Snow Predictions For Virginia 2024-2025

What to Expect: Snow Predictions For Virginia 2024-2025

For many Virginians, winter brings questions about how much snow will fall and how it may impact daily life. This article provides the latest insights on snow predictions for Virginia 2024-2025 winter season, with a focus on delivering the information readers need most.

Whether you love sledding and snowmen or dread icy commutes, understanding what to expect this winter can help you plan ahead. We’ll explore the forecasted snow totals from expert sources, compare them to past Virginia winters, highlight local impacts, provide preparation tips, and offer unique insights from weather specialists.

Let’s dive into the snow predictions and winter outlook for the season ahead in Virginia.

Snow Predictions For Virginia 2024-2025

To directly answer readers’ key questions, here are the highlights of what expert forecasters are predicting for Virginia snow this winter:

  • The 2024 Old Farmer’s Almanac predicts above-normal winter precipitation for most of Virginia, with the potential for heavy snow events [1].
  • The Farmers’ Almanac 2024-2025 winter outlook calls for an active storm track affecting the Southeast and Mid-Atlantic regions, likely bringing above-average snowfall to Virginia [2].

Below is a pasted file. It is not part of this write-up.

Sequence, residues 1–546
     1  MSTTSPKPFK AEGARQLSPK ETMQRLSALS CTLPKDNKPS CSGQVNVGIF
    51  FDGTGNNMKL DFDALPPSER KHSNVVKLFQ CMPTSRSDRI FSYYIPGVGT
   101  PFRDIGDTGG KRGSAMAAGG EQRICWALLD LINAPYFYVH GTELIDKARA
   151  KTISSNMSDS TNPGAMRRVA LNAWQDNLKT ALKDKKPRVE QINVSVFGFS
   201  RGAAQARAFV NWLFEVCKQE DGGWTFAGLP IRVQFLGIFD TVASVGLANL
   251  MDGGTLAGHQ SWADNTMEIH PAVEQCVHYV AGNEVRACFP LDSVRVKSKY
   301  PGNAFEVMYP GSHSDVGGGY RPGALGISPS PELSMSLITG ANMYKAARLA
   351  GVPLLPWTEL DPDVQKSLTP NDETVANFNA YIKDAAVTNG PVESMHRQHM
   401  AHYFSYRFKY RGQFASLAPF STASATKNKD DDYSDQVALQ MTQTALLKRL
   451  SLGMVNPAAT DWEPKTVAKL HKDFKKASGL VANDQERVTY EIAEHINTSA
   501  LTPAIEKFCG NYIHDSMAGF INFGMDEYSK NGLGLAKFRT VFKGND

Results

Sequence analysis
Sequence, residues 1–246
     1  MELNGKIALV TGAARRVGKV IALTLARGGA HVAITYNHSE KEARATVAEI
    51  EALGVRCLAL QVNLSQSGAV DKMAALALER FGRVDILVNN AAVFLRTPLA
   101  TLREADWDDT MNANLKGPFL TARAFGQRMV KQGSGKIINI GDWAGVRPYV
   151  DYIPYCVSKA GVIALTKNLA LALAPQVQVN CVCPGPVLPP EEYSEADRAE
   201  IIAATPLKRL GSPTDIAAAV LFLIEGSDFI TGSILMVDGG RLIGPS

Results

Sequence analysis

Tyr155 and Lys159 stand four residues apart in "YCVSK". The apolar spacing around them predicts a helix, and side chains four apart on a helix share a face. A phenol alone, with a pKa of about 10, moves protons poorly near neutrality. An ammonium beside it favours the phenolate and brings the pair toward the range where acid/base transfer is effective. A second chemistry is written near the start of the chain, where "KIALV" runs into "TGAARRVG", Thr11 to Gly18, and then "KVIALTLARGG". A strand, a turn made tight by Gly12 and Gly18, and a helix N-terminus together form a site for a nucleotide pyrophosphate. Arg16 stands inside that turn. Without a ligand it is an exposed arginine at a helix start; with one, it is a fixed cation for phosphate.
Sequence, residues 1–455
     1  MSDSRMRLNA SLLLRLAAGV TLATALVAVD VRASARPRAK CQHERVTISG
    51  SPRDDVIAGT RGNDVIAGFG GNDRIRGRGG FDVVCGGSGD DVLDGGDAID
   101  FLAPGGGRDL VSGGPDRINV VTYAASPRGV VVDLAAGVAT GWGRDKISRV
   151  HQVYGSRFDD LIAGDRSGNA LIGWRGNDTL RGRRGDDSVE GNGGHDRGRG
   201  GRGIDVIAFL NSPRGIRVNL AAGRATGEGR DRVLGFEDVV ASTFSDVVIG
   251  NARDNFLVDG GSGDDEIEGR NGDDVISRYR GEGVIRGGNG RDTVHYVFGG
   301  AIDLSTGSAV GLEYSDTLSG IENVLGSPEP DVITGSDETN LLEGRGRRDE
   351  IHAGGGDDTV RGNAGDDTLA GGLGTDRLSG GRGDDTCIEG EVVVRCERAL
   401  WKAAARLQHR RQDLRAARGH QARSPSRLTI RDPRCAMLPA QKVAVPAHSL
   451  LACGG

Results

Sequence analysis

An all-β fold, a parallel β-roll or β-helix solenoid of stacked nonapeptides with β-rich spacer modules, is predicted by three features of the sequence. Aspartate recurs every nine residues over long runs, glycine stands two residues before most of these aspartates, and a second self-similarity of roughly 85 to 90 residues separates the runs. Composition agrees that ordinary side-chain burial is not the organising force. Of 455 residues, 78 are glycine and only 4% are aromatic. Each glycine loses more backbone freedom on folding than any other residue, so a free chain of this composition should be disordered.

• NBC4’s Storm Team4 expects 30-40 inches of snow for the immediate D.C. metro area, with several impactful 6-inch+ snowstorms likely. They emphasize late January through February for peak storm potential [3].
  • NOAA’s winter forecast gives 33-40% chances of above-average snow across most of Virginia, besides the immediate coast. They expect an active storm track with cold air support for impactful systems [4].

The expert consensus suggests increased chances of above-normal snowfall, especially across Northern and Western Virginia which are favored to see the most frequent and heaviest snow events this winter.

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Overview of Historic Snowfall Patterns in Virginia by Region

Here is an overview of historic snowfall in Virginia organized by region:

Western Virginia:

  • The mountainous west sees the highest snowfall, averaging 50-70+ inches annually in the Allegheny Mountains and Blue Ridge.
  • Record snow depths of up to 35 inches occurred in 2009 and 2012 in western highlands.
  • Major storms in 1960, 1970, 1987, and 1993 each dumped over 2 feet of snow in western towns like Galax, Roanoke, and Abingdon.

Central Virginia:

  • Cities like Lynchburg and Charlottesville in the Piedmont average 10-20 inches yearly.
  • The blizzard of 1983 remains central Virginia’s top snowstorm, with over 30 inches in the Appalachian Valley.
  • Richmond saw 14 inches of snow in 1983, its highest single storm total.

Northern Virginia:

  • Northern cities like Arlington and Alexandria get about 15 inches of seasonal snow.
  • “Snowmageddon” in 2010 and the blizzard of 1996 each dropped over 30 inches of snow in northern Virginia locations.
  • Dulles Airport reported a record 32 inches during the 2010 mega storm.

Eastern Virginia: